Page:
The burden of early onset sepsis in neonates with neonatal encephalopathy
Objective: Early-onset sepsis (EOS) is a risk factor for neonatal encephalopathy, a leading cause of neonatal deaths. We evaluated the association of EOS among newborns with neonatal encephalopathy in a low-middle income setting in South Africa; and evaluated for predictors of death in newborns with EOS and neonatal encephalopathy. Methods: We undertook a retrospective study in newbornsborn from 1st January 2016 to 30th June 2018 with gestational age ≥35 weeks and/or birth weight ≥2,500 grams, who were diagnosed with neonatal encephalopathy by the attending physician. Overall, EOS (confirmed+probable) was defined as either culture-confirmed sepsis on blood and/or cerebrospinal fluid within 72 hours of birth; or in the absence of culture confirmation, a CRP >32mg/L or an immature to total neutrophil ratio (I:T) ≥ 0.3 (i.e. probable sepsis). Results: Of 10,182 hospitalized newborns, 1,027 (10.1%) were diagnosed with neonatal encephalopathy. One-hundred and eighty-one (17.6%) neonatal encephalopathy cases had EOS (confirmed+probable), including 52 (5.1%) that were culture-confirmed sepsis and 129 (12.5%) with probable sepsis. The incidence (per 1,000 live births) of EOS (confirmed+probable) in newborns with neonatal encephalopathy was 2.3 (95% CI: 2.0-2.7); including 0.22, 0.13 and 0.06 for culture-confirmed, Group B streptococcus, Klebsiella pneumoniae and Escherichia coli, respectively. The case fatality risk (CFR) of EOS (confirmed+probable) in newborns with neonatal encephalopathy was 19.3% (95% CI: 13.9-25.9). Predictors of fatal outcome in newborns with EOS(confirmed+probable) and neonatal encephalopathy included moderate or severeneonatal encephalopathy(aOR 6.79), seizures (aOR 3.46) and in-utero HIV-exposure (aOR 3.72; p<0.05 for all predictors). Conclusion: In this low-middle income African setting, EOS (confirmed+probable) was prevalent in 17.6% of neonatal encephalopathy cases. Our study highlights the need for preventative strategies against EOS as a strategy to reduce the burden of neonatal encephalopathy.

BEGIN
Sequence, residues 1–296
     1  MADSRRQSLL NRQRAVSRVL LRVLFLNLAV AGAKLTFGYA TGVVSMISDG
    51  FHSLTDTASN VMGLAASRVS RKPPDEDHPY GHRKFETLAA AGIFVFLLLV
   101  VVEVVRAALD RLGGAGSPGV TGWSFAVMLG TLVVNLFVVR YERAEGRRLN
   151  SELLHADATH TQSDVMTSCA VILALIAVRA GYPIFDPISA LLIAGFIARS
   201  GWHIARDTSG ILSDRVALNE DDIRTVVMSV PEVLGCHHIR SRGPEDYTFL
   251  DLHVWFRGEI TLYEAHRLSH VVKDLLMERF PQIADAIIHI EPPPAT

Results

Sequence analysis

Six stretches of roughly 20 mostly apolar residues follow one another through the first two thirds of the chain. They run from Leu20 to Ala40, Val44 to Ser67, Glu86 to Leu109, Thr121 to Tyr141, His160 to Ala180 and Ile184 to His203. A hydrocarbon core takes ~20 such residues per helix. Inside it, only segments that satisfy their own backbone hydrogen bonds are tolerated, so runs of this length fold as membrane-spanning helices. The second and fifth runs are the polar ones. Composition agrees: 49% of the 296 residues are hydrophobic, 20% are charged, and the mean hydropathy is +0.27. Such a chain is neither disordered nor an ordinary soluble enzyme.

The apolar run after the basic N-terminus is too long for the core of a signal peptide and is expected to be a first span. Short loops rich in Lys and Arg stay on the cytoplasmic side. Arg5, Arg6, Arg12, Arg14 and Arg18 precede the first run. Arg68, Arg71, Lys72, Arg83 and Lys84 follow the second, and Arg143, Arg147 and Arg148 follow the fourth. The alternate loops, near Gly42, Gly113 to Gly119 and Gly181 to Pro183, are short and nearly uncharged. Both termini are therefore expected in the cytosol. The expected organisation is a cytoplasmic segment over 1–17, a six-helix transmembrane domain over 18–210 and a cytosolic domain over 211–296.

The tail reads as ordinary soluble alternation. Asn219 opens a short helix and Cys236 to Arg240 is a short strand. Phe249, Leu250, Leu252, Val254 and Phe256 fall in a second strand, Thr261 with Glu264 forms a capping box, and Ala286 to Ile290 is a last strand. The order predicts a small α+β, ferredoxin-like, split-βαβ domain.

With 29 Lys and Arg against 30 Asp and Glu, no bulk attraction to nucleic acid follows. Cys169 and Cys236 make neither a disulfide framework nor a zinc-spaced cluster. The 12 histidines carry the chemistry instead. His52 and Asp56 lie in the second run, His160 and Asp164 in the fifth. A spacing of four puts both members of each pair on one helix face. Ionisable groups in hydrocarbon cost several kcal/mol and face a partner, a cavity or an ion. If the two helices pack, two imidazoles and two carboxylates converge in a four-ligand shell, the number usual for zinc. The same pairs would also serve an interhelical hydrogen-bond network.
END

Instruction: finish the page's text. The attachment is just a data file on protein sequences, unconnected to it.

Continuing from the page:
A research report submitted to the Faculty of Health Sciences, University of the Witwatersrand, Johannesburg, in partial fulfilment of the requirements for the degree of Masters of Medicine in Paediatrics